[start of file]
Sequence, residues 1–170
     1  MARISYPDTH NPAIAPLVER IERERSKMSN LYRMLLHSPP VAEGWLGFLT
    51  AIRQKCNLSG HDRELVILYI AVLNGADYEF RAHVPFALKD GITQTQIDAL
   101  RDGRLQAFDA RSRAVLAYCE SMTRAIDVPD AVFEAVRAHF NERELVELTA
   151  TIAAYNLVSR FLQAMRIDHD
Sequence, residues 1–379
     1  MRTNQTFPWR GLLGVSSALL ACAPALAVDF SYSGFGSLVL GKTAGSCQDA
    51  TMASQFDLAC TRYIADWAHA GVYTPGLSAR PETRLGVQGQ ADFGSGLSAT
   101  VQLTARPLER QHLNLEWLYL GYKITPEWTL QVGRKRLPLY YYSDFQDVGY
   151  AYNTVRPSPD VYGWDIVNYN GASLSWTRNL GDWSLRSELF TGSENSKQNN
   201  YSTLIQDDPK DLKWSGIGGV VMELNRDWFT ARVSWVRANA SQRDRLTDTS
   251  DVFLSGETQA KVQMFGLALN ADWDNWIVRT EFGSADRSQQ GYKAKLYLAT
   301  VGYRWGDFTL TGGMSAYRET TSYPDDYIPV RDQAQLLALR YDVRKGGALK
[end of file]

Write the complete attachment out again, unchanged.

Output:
Sequence, residues 1–170
     1  MARISYPDTH NPAIAPLVER IERERSKMSN LYRMLLHSPP VAEGWLGFLT
    51  AIRQKCNLSG HDRELVILYI AVLNGADYEF RAHVPFALKD GITQTQIDAL
   101  RDGRLQAFDA RSRAVLAYCE SMTRAIDVPD AVFEAVRAHF NERELVELTA
   151  TIAAYNLVSR FLQAMRIDHD
Sequence, residues 1–379
     1  MRTNQTFPWR GLLGVSSALL ACAPALAVDF SYSGFGSLVL GKTAGSCQDA
    51  TMASQFDLAC TRYIADWAHA GVYTPGLSAR PETRLGVQGQ ADFGSGLSAT
   101  VQLTARPLER QHLNLEWLYL GYKITPEWTL QVGRKRLPLY YYSDFQDVGY
   151  AYNTVRPSPD VYGWDIVNYN GASLSWTRNL GDWSLRSELF TGSENSKQNN
   201  YSTLIQDDPK DLKWSGIGGV VMELNRDWFT ARVSWVRANA SQRDRLTDTS
   251  DVFLSGETQA KVQMFGLALN ADWDNWIVRT EFGSADRSQQ GYKAKLYLAT
   301  VGYRWGDFTL TGGMSAYRET TSYPDDYIPV RDQAQLLALR YDVRKGGALK